For years, the Adventure versions of the large-displacement BMW GS boxer have been synonymous with traveling to distant lands, whether on tarmac roads, gravel tracks or unsurfaced trails. With the latest R 1200 GS Adventure bike, BMW Motorrad is taking this model line to the next level by offering the big GS in a version specially built for long-distance travel, increased off-road riding and harsh operating conditions.
Riding dynamics coupled with touring suitability - at the very highest level: that's the R 1200 RS. With its potent engine and stable suspension, the sports touring bike offers more than just a huge amount of riding pleasure. Thanks to its relaxed, sporty seating position and its perfect wind and weather protection, the bike offers an entirely new ride feel when travelling fast and riding along country roads in sporty style.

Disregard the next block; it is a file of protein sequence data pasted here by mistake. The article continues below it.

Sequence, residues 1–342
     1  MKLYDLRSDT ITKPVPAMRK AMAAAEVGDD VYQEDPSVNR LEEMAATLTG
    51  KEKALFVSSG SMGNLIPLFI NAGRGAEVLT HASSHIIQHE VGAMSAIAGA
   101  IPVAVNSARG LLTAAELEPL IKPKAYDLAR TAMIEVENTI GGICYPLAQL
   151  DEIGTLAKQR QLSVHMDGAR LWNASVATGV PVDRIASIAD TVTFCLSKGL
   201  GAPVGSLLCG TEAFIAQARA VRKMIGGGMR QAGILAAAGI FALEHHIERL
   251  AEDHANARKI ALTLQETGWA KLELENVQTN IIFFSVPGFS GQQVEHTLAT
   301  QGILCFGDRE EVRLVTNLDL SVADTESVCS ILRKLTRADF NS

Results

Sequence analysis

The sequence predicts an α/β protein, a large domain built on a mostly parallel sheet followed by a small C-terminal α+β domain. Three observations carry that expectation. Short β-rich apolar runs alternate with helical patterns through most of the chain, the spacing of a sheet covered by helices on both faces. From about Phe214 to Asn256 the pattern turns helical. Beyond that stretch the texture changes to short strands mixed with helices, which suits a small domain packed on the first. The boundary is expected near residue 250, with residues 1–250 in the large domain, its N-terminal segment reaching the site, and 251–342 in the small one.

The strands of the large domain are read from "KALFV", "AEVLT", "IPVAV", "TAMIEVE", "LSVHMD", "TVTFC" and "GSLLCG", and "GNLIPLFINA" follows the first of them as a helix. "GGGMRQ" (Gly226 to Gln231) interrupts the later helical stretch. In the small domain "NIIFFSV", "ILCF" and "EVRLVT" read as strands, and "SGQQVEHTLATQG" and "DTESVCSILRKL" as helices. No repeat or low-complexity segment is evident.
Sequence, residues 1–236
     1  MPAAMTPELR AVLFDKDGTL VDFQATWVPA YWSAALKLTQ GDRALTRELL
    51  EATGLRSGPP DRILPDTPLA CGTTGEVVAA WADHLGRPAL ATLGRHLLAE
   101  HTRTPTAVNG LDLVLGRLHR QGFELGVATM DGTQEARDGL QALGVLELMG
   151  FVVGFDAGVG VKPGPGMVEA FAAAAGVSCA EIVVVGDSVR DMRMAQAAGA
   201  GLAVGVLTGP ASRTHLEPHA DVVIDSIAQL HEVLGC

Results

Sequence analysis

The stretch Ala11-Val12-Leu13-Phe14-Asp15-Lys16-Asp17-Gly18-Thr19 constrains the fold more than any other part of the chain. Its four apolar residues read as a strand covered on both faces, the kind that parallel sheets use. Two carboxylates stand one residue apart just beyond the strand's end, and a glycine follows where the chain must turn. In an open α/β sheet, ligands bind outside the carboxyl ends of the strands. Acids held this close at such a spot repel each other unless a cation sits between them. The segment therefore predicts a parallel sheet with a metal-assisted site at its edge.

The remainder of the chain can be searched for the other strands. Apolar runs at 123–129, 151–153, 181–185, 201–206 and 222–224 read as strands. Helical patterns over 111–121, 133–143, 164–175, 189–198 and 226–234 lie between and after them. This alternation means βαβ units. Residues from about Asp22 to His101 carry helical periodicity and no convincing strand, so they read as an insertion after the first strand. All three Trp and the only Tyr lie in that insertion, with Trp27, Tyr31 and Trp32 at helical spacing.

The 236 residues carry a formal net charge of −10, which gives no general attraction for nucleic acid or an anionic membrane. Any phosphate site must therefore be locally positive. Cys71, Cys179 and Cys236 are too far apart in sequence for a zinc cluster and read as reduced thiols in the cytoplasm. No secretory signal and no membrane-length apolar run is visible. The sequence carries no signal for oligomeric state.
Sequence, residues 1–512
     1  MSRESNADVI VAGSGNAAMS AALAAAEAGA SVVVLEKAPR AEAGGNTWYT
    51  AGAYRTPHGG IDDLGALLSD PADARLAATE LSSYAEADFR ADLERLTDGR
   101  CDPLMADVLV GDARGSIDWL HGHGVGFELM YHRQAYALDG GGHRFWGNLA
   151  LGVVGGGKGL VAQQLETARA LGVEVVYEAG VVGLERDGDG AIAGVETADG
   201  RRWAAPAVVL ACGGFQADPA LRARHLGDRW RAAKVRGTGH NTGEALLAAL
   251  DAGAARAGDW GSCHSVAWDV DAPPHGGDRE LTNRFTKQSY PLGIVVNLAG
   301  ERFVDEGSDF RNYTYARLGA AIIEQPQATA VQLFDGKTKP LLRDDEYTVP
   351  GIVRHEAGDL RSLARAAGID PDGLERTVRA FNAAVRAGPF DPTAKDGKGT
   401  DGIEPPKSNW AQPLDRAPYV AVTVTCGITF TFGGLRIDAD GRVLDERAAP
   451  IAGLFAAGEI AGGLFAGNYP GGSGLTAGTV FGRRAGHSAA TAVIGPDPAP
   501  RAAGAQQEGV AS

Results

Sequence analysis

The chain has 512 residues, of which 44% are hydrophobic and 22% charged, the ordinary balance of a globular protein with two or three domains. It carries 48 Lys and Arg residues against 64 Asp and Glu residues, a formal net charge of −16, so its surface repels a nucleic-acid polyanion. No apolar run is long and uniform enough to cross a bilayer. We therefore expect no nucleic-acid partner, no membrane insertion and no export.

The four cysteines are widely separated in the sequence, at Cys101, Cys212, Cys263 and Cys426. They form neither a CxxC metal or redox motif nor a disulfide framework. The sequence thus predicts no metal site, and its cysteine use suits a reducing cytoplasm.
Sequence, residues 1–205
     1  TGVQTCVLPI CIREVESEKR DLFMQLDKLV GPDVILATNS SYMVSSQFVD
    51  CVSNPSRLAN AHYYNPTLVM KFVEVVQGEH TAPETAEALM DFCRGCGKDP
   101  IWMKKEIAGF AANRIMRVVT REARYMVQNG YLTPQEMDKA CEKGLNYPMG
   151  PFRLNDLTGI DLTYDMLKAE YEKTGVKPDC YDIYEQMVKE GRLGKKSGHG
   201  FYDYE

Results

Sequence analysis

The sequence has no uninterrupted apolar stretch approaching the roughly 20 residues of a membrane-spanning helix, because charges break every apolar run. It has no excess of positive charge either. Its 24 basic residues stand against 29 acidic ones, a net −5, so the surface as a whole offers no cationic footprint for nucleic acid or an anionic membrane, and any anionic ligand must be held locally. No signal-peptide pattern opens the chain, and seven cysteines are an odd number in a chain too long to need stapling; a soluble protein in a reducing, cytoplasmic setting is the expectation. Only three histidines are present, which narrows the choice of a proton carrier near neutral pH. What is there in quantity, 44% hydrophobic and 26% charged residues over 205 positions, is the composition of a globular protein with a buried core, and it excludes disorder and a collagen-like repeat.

A motorcycle that defined the classic touring bike segment has now reached the next stage of evolution: the new BMW R 1200 RT. With its light handling, the R 1200 RT makes it possible to enjoy what is most important: riding through the landscape. Whether on your own or with a passenger: the new R 1200 RT is all about comfortable, relaxed riding on every tour.
Gran Turismo. Travel in big style. That means combining dynamic performance and comfort - and transforming distance into free space. BMW Motorrad's vision was the essence of this philosophy - the pure sense of Gran Turismo. This vision has now taken shape in the new K 1600 GT.
When luxury is freed of all ballast, it moves to a new level. At the very top of this evolution is the new K 1600 GTL – a high-class touring bike like none before it. With the most compact and efficient in-line 6-cylinder engine ever installed in a series production motorcycle.